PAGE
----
The spinning of the revolving door at the beleaguered Howrey law firm is making our heads spin here at Above the Law. Keeping track of all the partner departures is becoming quite the challenge. We’ve collected some links about the latest partner defections, after the jump.

At this rate, it’s not clear how many lawyers will be left for “rescue” by white knight Winston & Strawn. (Protip: check the armor for bedbugs.)

Here’s some new (but hardly surprising) information: Howrey has canceled its summer program. Yes, the famous Howrey Bootcamp, touted by the firm as “[f]ar more intense and rewarding than traditional summer associate programs,” and offering “an entirely unique approach to associate recruitment and training.”

Bootcamp participants received intensive litigation training — and inspirational poetry from firm CEO Robert Ruyak, which we share with you below….

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Steptoe pwns burger joint.

This afternoon brings some major news for hamburger lovers in the nation’s capital. In the lawsuit brought by Steptoe & Johnson against Rogue States Burgers, in an effort to stop Rogue States’ rogue smells from infiltrating law firm airspace, Big Law has triumped over big beef patties. Judge John M. Mott of D.C. Superior Court just ruled that the burger fumes from Rogue States must be abated immediately.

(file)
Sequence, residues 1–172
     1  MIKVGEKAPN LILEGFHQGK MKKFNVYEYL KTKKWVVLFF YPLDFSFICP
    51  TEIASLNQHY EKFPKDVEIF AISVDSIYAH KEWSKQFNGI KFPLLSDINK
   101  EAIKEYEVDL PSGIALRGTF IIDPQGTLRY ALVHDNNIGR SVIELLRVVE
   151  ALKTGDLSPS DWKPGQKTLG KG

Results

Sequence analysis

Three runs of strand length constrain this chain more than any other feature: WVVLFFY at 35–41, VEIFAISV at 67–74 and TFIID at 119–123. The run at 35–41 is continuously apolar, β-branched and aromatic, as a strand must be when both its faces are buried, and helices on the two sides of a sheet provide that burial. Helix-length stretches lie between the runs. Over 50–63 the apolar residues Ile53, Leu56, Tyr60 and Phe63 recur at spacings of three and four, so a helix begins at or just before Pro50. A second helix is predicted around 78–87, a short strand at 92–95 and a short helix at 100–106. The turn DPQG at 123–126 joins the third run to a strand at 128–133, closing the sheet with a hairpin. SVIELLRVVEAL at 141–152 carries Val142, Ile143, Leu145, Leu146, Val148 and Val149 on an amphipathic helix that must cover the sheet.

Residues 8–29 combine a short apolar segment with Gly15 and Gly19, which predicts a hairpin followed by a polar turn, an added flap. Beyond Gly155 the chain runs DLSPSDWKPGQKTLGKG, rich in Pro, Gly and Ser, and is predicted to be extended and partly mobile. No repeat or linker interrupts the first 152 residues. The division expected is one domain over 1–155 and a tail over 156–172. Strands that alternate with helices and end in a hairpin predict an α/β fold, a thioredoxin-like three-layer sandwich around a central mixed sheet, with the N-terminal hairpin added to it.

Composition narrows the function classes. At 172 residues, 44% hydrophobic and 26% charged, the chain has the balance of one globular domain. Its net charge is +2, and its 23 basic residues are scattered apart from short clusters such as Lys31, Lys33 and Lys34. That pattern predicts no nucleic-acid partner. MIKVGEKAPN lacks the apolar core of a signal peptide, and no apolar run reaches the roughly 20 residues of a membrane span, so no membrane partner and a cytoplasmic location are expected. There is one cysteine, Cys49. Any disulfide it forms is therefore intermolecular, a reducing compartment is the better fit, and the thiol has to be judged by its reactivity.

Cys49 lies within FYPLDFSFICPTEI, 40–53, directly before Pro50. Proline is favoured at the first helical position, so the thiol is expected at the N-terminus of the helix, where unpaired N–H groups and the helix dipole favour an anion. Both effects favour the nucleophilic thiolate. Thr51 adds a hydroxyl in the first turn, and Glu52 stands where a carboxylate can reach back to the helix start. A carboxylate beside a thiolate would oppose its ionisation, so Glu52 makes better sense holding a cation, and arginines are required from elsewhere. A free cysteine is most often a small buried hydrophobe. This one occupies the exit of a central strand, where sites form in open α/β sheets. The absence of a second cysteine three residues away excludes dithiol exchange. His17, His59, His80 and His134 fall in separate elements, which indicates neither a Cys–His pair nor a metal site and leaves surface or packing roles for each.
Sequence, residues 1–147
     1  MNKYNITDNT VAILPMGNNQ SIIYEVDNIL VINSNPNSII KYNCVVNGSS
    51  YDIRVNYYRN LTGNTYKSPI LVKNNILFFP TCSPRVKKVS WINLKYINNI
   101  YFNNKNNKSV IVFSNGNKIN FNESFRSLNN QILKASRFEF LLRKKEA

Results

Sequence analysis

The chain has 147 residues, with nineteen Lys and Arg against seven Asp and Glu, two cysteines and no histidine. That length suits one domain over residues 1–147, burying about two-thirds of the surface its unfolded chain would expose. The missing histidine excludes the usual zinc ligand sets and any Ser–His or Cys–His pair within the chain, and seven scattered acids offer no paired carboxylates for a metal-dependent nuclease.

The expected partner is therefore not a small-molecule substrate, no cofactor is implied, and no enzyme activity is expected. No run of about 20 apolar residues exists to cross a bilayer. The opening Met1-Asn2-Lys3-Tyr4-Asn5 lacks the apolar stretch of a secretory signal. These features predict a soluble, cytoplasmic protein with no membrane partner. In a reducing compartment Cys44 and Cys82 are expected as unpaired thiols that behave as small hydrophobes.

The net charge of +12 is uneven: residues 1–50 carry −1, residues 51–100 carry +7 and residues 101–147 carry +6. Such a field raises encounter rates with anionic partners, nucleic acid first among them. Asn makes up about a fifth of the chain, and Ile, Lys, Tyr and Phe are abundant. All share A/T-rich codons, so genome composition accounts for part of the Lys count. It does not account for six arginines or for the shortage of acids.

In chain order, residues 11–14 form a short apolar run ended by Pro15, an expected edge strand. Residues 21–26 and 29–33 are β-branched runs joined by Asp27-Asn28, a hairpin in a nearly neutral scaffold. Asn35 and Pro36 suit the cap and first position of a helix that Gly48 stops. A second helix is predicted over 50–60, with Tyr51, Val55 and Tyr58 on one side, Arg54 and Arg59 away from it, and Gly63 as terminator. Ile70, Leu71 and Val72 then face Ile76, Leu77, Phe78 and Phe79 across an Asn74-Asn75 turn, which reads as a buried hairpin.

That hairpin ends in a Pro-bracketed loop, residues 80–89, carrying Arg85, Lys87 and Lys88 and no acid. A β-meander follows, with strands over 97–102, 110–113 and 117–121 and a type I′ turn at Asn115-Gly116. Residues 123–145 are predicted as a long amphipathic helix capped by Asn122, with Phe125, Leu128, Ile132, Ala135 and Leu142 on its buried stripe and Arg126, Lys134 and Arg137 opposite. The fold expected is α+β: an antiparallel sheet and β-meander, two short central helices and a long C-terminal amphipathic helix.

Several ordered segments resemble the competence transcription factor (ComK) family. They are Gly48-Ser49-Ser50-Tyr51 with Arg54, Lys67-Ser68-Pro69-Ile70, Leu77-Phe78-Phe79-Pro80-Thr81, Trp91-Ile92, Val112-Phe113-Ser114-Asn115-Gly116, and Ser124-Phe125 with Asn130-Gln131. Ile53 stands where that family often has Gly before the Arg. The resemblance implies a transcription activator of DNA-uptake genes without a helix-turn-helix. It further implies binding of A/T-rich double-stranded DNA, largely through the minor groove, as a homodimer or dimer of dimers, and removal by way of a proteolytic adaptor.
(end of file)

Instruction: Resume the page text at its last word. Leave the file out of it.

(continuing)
Judge Mott ordered Rogue States to stop its grilling operations by the end of today. Due to the unavailability of easy solutions to the smell problem — an alternate ventilation plan has been nixed by the building landlord — Judge Mott “effectively issued a death sentence for the Dupont Circle burger joint,” as noted by Tim Carman of the Washington City Paper.

A disconsolate reader emailed this reaction to us: “sad. i am pleading to obama, burger lover president, to intervene.”

(Don’t hold your breath. Despite his willingness to talk to them without preconditions, Obama isn’t known for his love of Rogue States. We’re not talking about Ben’s Chili Bowl.)

It would be easy to snark on a large white-shoe law firm — represented by another large law firm, Pillsbury Winthrop — going to court to beat up on a local burger joint. But Steptoe might be a more sympathetic plaintiff than some might think….

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Clare Lenore Stoudt, a 35-year-old mother of five, was found dead in her home over the weekend. Stoudt was a tax associate at Pillsbury Winthrop. According to the ABA Journal, authorities believe that Stoudt may have been the victim of a murder-suicide:

The father of her three youngest children, Reginald Van Graves, 49, also was found apparently shot to death in the Howard County home, and a gun was in the vicinity, authorities say. A custody case over the three children, aged 2, 5 and 7, had begun less than a week earlier in Howard County Circuit Court.

The Howard County Times reports that police say the deaths may have been a murder-suicide. Autopsies have not yet been completed, however, and the investigation has not concluded.

Christine Kearns, managing partner for Pillsbury’s D.C. office, released the following statement for the firm….